The government’s objective of creating a new statistical category is to track and push gaming operators to fulfill non-gaming commitments, notes a scholar from the Macao Polytechnic University.

Macau, gaming operators,
Lou Shenghua, professor of the Faculty of Humanities and Social Sciences at Macao Polytechnic University

Speaking to AGB, Lou Shenghua, professor at the MPU Faculty of Humanities and Social Sciences, says that investing on non-gaming projects is “not just about investing money; it also needs to have output”, so creating the new data base to track its effectiveness “makes it easier for the government to supervise”.

Lou pointed out that the Macau SAR government has been trying to promote the appropriate diversification of economic development. However, the substantial profitability of the casinos has allowed the gaming industry to obtain resources (land, manpower, capital, etc.), making it exceedingly difficult for other industries to compete with the gaming sector.
Therefore, “to promote the appropriate diversification of the city’s economy, the participation of gaming operators is necessary.”

Lou was a former advisor to the Secretary for Administration and Justice of the Macau Government.

The new 10-year gaming contracts require gaming operators to assume more responsibility to promote non-gaming elements in Macau, as the six gaming operators have pledged to invest more than nearly $13.5 billion in non-gaming projects in the next decade.

In this context, the Macau Statistics and Census Service (DSEC) announced on Monday that it would create a new statistical category to track non-gaming projects. The task of DSEC also includes studying ‘methods for evaluating the effectiveness’ of these non-gaming projects. Under these circumstances, Lou says that input-output ratio indicators are generally used to evaluate effectiveness.

“Only output can drive the diversified development of Macau’s economy. If you only calculate input, and the output is not satisfactory, then it is also unable to achieve the goal of economic diversification,” notes the academic.

Regarding non-gaming investment commitments, the scholar mentions that there is no specific project promised by gaming operators when signing the contract with the government, so the companies need to find the corresponding projects.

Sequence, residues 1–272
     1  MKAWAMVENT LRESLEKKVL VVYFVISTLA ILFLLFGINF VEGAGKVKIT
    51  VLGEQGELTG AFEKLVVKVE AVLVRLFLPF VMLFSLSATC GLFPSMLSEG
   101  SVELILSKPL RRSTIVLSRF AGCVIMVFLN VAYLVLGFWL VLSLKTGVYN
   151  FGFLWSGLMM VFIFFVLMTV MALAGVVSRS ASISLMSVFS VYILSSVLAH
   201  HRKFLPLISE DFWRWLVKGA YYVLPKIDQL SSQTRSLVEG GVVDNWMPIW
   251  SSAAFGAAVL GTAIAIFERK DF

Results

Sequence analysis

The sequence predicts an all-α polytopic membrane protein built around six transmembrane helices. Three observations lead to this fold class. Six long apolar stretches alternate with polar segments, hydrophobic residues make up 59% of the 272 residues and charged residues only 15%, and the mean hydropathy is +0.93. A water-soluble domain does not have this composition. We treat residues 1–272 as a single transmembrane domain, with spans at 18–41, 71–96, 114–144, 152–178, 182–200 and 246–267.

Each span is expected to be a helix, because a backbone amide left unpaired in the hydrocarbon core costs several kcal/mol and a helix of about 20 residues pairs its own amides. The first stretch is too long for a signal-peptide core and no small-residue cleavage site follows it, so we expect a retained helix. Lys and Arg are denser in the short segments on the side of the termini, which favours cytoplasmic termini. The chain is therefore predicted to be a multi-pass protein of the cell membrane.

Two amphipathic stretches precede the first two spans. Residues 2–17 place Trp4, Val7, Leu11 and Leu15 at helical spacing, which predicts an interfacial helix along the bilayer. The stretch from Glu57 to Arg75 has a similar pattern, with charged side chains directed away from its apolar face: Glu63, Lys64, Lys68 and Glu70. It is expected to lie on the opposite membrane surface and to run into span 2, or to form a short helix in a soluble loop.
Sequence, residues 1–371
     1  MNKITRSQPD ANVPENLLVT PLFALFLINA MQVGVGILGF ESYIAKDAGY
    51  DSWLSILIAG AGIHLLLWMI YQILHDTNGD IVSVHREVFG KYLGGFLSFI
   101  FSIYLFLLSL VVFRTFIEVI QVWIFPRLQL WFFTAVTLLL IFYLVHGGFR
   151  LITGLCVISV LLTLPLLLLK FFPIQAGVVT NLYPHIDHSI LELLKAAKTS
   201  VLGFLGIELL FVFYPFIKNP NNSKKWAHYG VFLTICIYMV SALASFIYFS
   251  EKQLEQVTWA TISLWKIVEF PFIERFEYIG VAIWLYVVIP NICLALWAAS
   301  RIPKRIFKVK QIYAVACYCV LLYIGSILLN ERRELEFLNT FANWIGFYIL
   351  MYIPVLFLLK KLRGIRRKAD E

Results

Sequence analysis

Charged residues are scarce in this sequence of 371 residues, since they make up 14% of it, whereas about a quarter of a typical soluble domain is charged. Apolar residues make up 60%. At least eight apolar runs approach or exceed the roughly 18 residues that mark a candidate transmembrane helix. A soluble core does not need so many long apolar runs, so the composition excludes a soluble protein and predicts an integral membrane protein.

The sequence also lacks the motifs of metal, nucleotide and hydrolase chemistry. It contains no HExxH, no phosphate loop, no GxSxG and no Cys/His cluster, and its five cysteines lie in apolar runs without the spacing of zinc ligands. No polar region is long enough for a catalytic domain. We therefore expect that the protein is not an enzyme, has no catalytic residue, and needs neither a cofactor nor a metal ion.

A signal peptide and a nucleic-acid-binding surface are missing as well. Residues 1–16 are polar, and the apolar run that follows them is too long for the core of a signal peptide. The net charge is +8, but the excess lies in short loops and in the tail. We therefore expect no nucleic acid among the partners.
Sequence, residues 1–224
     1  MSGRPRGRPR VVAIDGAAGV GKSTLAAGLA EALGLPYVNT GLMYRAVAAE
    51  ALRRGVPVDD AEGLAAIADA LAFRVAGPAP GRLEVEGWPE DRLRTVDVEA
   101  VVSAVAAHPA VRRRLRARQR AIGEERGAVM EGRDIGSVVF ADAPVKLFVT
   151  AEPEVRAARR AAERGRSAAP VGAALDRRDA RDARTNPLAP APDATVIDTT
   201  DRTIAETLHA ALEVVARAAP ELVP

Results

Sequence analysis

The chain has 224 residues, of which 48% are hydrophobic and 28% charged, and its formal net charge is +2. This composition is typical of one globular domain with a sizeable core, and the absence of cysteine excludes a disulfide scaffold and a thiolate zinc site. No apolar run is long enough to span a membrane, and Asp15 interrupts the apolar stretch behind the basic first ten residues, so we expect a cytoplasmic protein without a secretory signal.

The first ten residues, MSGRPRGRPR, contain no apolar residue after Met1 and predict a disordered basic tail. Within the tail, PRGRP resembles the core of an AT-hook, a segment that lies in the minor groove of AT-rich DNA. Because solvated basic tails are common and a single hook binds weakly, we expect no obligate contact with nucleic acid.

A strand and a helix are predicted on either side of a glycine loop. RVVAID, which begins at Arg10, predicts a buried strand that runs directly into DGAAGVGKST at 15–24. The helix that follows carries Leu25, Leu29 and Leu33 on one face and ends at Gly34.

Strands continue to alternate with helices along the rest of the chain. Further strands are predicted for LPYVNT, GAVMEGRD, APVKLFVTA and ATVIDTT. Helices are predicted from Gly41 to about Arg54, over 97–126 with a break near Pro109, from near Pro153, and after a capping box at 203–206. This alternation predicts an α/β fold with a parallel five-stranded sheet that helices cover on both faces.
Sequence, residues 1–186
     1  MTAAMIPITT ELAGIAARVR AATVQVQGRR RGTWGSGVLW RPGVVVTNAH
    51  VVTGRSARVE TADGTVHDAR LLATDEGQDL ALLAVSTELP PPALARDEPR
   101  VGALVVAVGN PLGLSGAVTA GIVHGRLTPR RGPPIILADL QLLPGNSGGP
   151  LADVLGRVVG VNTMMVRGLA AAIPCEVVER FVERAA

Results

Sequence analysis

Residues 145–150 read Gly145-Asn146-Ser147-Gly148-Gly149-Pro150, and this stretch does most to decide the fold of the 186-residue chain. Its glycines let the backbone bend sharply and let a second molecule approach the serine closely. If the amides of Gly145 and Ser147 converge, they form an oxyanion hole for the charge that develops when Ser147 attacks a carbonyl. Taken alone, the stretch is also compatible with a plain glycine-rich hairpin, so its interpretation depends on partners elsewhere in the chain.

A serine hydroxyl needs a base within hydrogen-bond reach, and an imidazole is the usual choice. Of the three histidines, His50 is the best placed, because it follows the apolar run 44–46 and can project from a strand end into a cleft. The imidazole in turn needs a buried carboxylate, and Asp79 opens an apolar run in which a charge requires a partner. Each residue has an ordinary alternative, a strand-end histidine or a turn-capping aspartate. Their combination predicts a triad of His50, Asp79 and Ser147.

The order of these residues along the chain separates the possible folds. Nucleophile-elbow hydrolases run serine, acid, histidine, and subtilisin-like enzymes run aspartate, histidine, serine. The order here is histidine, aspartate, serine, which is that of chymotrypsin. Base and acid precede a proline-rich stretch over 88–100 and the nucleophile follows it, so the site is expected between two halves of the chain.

In addition to gaming-related hotels, restaurants, MICE, etc., the concerts and art exhibitions hosted by gaming operators are also ‘new growth points’ for economic diversification. Lou also mentions the just-announced old district revitalization plans conducted by gaming operators that will produce economic benefits and suit the actual needs of Macau.

Lou affirms that for operators: “It is necessary to find non-gaming projects that can generate economic benefits and meet the needs of Macau and invest in them, which are feasible and effective.”

According to the government diversification plan, the gaming industry is expected to make up only 40 percent of Macau’s gross domestic product (GDP) by 2028, as the SAR government aims to increase the weight of non-gaming sectors to 60 percent. To achieve this goal, the professor believes the task is “onerous”.

“From the government’s perspective, on the one hand, it can guide the healthy development of the gaming industry and appropriately reduce the proportion of the gaming industry. On the other hand, by promoting the development of non-gambling industries, it can achieve a decline in the proportion of the gambling industry,” opines Lou.

In addition to commercial trades, among the four chosen industries, the financial industry is the most mature and conforms to the characteristics of Macau’s lack of land and other resources. Therefore, Lou considers that policy investment in the financial industry should be increased. Secondly, he points out that “the big health industry also has certain potential. Make good use of the resources of new hospitals. Attract out-of-town users”.